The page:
Conservatives, francophone group reach deal on court challenges
The federal government has reached an agreement with a national francophone group over the court challenges program, which helps minority groups fight for their rights, Heritage Minister Josée Verner told the House of Commons on Monday.
During question period, Verner said that an agreement had been reached between the government and the Federation of Francophone and Acadian Communities of Canada, but that both parties agreed to keep the terms confidential until a later date.
"When possible, it will be made public," she said.
In 2006, the federation took the government to court to have the program reinstated. Serge Quinty, a spokesman for the group, declined to comment on the deal until after a phone conference between the judge and the two parties occurred later Monday.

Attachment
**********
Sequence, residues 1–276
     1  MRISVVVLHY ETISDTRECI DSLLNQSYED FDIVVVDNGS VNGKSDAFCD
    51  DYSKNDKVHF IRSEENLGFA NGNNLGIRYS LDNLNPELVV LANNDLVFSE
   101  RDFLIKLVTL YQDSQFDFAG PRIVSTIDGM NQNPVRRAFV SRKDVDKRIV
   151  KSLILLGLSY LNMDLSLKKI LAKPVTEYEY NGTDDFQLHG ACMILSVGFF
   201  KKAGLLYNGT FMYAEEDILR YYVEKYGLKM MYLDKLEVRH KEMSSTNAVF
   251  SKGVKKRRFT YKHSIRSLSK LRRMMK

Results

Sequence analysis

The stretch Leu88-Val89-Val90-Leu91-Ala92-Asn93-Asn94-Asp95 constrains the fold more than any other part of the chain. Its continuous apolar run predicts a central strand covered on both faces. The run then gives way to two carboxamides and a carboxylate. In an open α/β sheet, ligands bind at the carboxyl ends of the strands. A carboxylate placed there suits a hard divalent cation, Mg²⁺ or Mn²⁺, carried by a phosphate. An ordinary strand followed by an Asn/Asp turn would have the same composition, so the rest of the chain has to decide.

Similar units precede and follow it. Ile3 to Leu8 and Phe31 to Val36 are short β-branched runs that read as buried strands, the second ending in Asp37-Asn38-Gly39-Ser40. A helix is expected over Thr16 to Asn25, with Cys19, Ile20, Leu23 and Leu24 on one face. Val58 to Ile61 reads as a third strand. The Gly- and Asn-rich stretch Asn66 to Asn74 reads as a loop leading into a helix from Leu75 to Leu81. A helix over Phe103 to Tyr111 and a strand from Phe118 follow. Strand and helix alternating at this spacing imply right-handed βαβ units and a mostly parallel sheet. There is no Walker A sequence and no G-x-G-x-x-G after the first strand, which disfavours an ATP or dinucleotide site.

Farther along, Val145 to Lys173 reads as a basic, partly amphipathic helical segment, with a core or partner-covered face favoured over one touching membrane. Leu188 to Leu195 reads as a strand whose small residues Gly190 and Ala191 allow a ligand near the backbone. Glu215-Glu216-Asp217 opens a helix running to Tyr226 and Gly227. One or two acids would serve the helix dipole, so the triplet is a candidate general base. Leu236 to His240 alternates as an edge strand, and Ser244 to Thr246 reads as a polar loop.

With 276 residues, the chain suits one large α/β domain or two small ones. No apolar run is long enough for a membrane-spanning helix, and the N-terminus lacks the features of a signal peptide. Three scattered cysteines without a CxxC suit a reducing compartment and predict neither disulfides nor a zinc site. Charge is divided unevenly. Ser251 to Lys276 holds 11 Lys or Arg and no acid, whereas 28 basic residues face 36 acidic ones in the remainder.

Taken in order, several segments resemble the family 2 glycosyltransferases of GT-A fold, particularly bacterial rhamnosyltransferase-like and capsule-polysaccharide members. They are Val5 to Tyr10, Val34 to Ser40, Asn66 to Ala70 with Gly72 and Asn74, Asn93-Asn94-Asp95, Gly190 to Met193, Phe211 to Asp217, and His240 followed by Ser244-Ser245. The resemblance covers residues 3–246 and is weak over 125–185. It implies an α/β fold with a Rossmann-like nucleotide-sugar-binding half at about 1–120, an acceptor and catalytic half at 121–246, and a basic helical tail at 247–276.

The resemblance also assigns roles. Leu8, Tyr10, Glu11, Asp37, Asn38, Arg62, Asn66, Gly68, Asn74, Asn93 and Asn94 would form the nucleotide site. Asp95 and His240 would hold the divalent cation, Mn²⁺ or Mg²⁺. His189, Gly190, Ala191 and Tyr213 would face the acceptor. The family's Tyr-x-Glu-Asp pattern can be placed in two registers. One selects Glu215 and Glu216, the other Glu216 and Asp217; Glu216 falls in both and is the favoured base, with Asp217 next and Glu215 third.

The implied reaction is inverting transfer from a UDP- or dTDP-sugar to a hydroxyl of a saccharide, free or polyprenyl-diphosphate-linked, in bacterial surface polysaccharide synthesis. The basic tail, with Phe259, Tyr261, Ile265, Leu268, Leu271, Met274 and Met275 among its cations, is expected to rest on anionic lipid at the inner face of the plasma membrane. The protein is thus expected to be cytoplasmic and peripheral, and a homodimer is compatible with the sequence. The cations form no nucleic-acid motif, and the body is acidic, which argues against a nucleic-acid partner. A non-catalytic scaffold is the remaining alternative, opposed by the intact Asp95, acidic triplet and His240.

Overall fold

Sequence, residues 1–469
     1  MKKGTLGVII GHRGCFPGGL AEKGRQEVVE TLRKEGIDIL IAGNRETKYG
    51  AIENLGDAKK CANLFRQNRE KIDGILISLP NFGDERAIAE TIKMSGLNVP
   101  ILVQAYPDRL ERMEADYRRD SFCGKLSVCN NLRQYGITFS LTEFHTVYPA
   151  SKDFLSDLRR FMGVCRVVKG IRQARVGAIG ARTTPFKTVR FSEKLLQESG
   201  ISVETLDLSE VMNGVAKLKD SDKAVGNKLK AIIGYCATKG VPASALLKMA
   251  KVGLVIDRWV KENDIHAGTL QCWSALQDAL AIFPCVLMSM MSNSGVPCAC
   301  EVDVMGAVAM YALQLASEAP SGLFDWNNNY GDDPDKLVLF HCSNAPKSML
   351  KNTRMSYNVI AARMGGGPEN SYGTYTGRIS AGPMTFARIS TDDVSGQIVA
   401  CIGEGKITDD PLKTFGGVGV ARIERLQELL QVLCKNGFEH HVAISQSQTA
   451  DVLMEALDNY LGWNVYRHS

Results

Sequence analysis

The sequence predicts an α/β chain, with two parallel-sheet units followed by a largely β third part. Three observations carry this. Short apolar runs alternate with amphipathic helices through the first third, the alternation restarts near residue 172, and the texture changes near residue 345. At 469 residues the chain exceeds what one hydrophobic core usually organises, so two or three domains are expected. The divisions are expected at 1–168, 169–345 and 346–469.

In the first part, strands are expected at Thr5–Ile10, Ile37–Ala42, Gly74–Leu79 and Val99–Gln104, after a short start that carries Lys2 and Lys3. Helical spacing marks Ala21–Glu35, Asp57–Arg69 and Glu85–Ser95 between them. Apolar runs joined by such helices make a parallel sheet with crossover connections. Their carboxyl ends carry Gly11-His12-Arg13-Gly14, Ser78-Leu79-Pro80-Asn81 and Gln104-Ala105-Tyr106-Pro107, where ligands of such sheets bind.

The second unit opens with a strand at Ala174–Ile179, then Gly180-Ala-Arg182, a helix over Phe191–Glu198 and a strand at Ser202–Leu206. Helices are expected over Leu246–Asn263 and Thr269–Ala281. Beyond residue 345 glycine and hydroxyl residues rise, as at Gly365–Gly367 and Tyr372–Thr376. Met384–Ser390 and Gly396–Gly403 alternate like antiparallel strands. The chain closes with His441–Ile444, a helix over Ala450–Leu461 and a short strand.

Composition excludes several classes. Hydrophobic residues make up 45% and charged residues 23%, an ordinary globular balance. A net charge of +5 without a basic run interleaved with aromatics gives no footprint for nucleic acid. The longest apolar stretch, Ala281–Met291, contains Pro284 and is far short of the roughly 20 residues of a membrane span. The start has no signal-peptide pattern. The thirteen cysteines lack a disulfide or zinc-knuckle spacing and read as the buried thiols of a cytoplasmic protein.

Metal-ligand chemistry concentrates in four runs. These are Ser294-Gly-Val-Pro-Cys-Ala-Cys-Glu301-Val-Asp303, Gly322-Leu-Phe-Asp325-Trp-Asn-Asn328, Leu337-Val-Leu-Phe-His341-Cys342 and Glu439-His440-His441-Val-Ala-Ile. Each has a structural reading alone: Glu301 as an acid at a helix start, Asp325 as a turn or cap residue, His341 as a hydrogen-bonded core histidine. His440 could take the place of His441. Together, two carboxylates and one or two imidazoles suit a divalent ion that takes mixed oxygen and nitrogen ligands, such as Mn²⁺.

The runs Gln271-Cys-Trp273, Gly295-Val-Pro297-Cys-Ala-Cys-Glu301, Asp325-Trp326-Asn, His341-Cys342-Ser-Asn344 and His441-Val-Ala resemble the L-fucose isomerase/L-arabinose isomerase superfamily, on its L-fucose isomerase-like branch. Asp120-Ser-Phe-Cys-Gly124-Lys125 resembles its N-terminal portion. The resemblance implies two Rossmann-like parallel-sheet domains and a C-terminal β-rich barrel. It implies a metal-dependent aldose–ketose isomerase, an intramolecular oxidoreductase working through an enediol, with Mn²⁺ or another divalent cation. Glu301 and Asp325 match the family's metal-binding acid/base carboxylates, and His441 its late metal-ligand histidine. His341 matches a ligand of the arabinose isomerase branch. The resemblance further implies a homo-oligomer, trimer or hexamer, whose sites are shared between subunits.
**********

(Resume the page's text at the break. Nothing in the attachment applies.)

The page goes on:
The court challenges program set aside $5 million a year to pay the legal fees of groups that wanted to challenge government decisions that affected their rights as guaranteed by the Charter of Rights and Freedoms. It was cancelled by the Conservative government in 2006 as part of a package of federal budget cuts.
MP Yvon Godin asked the House on Monday whether the government had negotiated a watered-down agreement that would reinstate half of the program funds and whether the program would exclude other minority groups, such as disabled people, women and homosexuals.
"Our government is very proud of the agreement that we have arrived at with the federation," Verner said, adding that the government will announce details in the near future.